Skeletons hide in closets for a reason. When a glimpse into your closet resembles a crime scene investigation — complete with shirts, pants, skirts, dresses, jackets, belts, hats and shoes strewn everywhere — you may need more than a little organization. Before you jump into organizing your closet, perhaps the toughest task has to be tackled.
First steps can be the hardest. In this case, it’s making room for your clothes. For some, the process is simple, but for most, it can only be compared to losing a loved one. Purging your closet means getting rid of those stirrup pants and three-sizes-too-small clothes for good.
"A lot of people have a sentimental affection for their wardrobe," said Jenna Doughton, who calls herself a life stylist. "For different people, there are different triggers."
Some of the more common triggers, which Doughton rebuffs, include:
Inheritance: Your grandmother’s pearls are one thing. Your grandmother’s moth-bitten cardigan is another.
Recycled trends: "It might come back but it will never come back the same way," Doughton said.
Weight loss: Keeping a pair of pants you now drown in just to revel in your accomplishment is pointless; that’s what your new birthday suit is for.
Hope for weight loss: Your favorite pair of skinny jeans is likely bringing you much more sorrow than joy.
Love: He might love that little number you despise in the back of your closet but, in the words of Janet Jackson, what has he done for you lately?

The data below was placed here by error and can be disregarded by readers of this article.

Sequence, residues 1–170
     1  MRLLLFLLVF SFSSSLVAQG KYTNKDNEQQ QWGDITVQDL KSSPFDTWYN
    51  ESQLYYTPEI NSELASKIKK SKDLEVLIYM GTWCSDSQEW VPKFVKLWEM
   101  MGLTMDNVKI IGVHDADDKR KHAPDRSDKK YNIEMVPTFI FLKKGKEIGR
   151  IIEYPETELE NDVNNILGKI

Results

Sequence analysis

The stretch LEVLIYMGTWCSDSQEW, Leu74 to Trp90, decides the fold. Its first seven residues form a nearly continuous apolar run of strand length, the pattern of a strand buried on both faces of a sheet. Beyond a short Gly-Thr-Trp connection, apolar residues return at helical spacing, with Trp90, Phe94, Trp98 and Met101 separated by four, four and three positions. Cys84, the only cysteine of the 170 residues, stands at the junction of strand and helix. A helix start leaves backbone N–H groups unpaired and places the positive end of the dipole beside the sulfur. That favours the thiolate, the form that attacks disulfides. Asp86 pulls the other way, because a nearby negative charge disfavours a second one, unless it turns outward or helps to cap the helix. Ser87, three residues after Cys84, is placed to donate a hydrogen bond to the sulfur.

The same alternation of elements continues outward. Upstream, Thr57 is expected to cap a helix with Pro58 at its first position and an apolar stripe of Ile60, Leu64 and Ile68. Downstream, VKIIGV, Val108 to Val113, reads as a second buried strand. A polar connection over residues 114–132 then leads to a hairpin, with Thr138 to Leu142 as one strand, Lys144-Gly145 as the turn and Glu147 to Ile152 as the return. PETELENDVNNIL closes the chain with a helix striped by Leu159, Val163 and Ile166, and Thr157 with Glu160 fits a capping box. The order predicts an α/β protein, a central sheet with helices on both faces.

Cost: You spent a lot on it. Why not just waste your money rather than waste your space, too?
A lot of people need guidelines to help them empty their closets. If it hasn’t been worn in two years, it’s automatically out. No excuses. If it’s been a year but a second pair of eyes (Doughton recommends a close friend) can find a justification for keeping it, the item is saved.
WHAT’S IN STORE
Once your closet has been purged of unnecessary items, it’s time to start properly storing the remainders. No one system will work for everyone, which is why California Closets makes a point of finding out exactly how clients prioritize their wardrobes. If crisp shirts and tailored jackets make up a large portion of the closet, jeans and T-shirts will likely be tucked away during the reorganization.
Your needs will ultimately determine how clothing is stored. If you frown on horizontal creases in pant legs, your pants will require a long hanging space. If you regularly wear hats, a hat box stored up high in the closet won’t work. If you don a new purse with every outfit, hanging them on hooks on the walls or using their dust bags to store them for a boutique-like display (as Doughton does) will probably suit you best.
The placement of items determines good organization. "People want to be more organized because their time is precious," said Megan Huegel, co-owner of the Las Vegas franchise of California Closets. "If you’re not organized, you’re probably wasting a lot of time."
Sorting can be just as crucial as placement. Clothes can be sorted in ready-to-go outfits; styles (casual, business, etc.) or the order in which they are selected every morning (shirts on the far right, then pants, etc.).
Probably the most common way of sorting clothes and the one Doughton swears by is colorizing. "It forces you to look through everything so you remember what you have on a regular basis," she said of the sorting system that begins with white and ends with black.